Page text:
I was at the EFCA Northern District Conference in Rochester this week and was blown away by the speaker, Jan Hettinga. I took notes assiduously and then boiled them down to what is below. This might drastically change the way I talk to people about the gospel and about how they should respond to Jesus. I’ll share this in two parts to aid in digestion. Hope it’s illuminating.
Dr. Jan Hettinga
EFCA NCD Conference
The same creative God who created the universe, our solar system, our eyes, our ears, our digestive tract, etc., also designed the gospel.
– Many of us (and many in the broader evangelical church) think that the gospel is up for grabs.
– People are rarely changed by the gospel that we preach. The gospel preached in most of the evangelical church is biblical deficient.
What is the content of the gospel?
Mark 1:14-15: “Now after John was arrested, Jesus came into Galilee, proclaiming the gospel of God, and saying, ‘The time is fulfilled, and the kingdom of God is at hand; repent and believe in the gospel.’”
– The gospel authors summarize Jesus’ primary, gospel message as “Repent, the kingdom is near” (Matt. 4:17, cf. Matt. 3:2). That’s the gospel! And we do not understand it. Almost no one in our churches understands what repentance really is, and almost no one understands what Jesus or the evangelists mean by “the Kingdom.” (NB: The Kingdom is not ‘heaven,’ as is commonly believed).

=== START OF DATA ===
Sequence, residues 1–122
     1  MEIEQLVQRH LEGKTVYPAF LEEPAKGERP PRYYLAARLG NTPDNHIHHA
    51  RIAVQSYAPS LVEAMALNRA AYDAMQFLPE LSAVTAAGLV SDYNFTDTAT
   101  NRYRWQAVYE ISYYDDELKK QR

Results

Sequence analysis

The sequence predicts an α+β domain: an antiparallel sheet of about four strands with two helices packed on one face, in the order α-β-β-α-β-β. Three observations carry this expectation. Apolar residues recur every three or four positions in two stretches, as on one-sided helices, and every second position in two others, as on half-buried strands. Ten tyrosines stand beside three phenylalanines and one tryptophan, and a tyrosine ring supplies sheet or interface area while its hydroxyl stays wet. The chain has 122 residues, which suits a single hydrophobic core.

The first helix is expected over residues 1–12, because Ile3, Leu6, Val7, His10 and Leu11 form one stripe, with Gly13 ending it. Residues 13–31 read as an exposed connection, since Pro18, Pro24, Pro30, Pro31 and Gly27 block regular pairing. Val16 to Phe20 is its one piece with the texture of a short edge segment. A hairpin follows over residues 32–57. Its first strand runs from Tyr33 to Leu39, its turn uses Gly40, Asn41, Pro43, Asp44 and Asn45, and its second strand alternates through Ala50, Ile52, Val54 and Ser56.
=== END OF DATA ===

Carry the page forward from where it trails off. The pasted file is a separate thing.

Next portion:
– This is pretty critical—generally speaking we do not understand what Jesus and the evangelists called the “gospel.”
Why did Jesus come? According to him, it was not only (perhaps not even primarily) to die.
Luke 4:43: “…he said to them, ‘I must preach the good news (i.e. ‘gospel’) of the kingdom of God to the other towns as well; for I was sent for this purpose.’”
– Jesus is about so much more than the cross and the empty tomb. So why does our gospel message typically only include the cross and the empty tomb?
– Again, look at Luke 9:6 (Remember, this is before the Cross): “And they departed and went through the villages, preaching the gospel and healing everywhere.” What are they preaching? What is the “gospel”? It is not the Cross and the empty tomb. This is before the death and resurrection of Christ. Their gospel message has to do with repentance and the Kingdom.
– Previous generations of evangelicals, heavily influenced by dispensationalism have assumed that the “Kingdom” gospel is the gospel for Israel, and when the ‘gospel’ went to the Gentiles it had to be morphed (by Paul, presumably) into a more Gentile-friendly relational and legal gospel. But that will not square with Matthew 24:14: “And this gospel of the kingdom will be proclaimed throughout the whole world as a testimony to all nations, and then the end will come.” The gospel of the Kingdom was designed by God to be a cross-cultural (“all nations,” not just Jews) gospel and a cross-generational (“will be…”) gospel.
– We also make mistakes if we believe that the “Kingdom” emphasis of the gospel is only common to the Synoptic evangelists: